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New age youngsters opt for breast implants
Kanchana Banerjee
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September 19, 2007

"I'm getting a special gift for my 18th birthday next month. I have been trying to persuade my parents to agree for the last three years and they finally gave in. I'm getting breast implants," says Sarita Thakkar*, a Mumbai-based girl.

Sudha Shreyas* is a 20-year-old aspiring model, who also plans on trying her luck in Bollywood. She too is going in for breast augmentation surgery.

And 22-year-old Amrita Juneja* is getting breast implants because her boyfriend is unhappy with her figure!

Say hello to the new age Indian woman, who doesn't bat an eyelid when it comes to opting for surgery to enhance her appearance.

A few years ago it was usually older women, battling with the effects of breastfeeding and sagging bustlines, who opted for the procedure. Today cosmetic surgeons say that more and more young girls are visiting their clinics to enhance their breasts and attain a well-endowed figure.

New trend

Dr Milind Vag, plastic and aesthetic surgeon at L H Hiranandani Hospital, Mumbai says, "In the last couple of years there has been a steady increase in the number of young girls coming in for breast enhancement. In my 15-year long practice I've never come across a trend like this; sometimes I have girls as young as 16 coming to me for breast implants."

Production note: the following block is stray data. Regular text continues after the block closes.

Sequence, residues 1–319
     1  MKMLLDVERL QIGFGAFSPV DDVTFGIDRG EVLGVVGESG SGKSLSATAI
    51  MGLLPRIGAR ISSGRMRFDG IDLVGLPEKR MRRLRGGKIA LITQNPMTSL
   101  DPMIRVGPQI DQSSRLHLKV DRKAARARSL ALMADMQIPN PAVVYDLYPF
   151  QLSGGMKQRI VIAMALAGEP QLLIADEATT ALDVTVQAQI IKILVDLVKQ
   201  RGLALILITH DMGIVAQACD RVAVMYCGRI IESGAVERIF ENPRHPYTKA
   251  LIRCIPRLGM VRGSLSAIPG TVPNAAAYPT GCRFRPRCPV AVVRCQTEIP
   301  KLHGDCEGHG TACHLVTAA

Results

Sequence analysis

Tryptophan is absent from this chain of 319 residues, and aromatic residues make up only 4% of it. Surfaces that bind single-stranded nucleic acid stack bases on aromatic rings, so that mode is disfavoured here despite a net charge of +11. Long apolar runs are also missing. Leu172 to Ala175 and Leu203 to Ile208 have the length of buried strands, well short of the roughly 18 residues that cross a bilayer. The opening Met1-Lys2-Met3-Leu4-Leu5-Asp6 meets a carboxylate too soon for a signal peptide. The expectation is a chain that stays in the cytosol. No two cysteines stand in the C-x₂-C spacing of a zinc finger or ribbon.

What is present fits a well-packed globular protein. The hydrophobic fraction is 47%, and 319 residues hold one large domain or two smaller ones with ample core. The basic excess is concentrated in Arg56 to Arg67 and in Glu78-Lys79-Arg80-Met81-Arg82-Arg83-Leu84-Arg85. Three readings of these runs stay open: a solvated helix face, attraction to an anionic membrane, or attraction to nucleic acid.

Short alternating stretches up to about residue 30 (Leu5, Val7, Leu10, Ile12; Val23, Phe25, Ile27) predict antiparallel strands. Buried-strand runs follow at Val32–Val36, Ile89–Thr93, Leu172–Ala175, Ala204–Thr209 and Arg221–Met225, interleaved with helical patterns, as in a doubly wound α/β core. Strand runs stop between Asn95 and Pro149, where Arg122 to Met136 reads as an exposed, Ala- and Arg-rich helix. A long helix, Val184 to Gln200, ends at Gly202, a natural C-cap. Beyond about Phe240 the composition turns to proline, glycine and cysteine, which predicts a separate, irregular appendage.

He adds that it is a myth that only those who aspire to a career in modelling or films opt for breast enhancement. "While several aspiring models and actresses do go in for implants, there are many girls who are just unhappy with their bodies and want to look better, either for the sake of their boyfriends or simply for themselves."

Heena Rai*, 21, works at a BPO. "I always wanted a bigger, better bust line and since my parents couldn't afford the procedure, I'd promised myself that I would go in for breast augmentation when I earned enough money. The month I got my first salary I went to a reputed hospital and got it done. I haven't done it for anybody else; neither am I interested in a career in films or modelling. I just wanted to look better, I've done it for myself."

Lure of the glamour industry

Ask Sudha the reason behind her surgery and she says, "I want to be an actor -- in films or on television. I need to look glamorous and a good bust line in critical." Try reasoning with her that to be an actor she needs to hone her acting skills more than her bust line and pat comes the reply -- "In today's glamour industry looks are more important." She cites the example of an ex-Miss Universe who went in for breast implants to boost her career in Bollywood. You may think that the young are impulsive and make rash decisions, but they have their arguments in place and you can't fight their logic. They know what they want and they make sure they get it.

Dr Samir Kumtha, cosmetic surgeon at hospitals Leelavati and Jaslok, Mumbai, says, "Young girls today are very image-conscious and want to sport the glam look. The glamour industry beckons and those who don't have the perfect bust line head for a cosmetic surgeon. One of my youngest clients was a 15-year-old and I did my best to discourage her. She was too young and I tried to explain that her body had to mature to its fullest before she could get any surgical enhancement done. She was very adamant."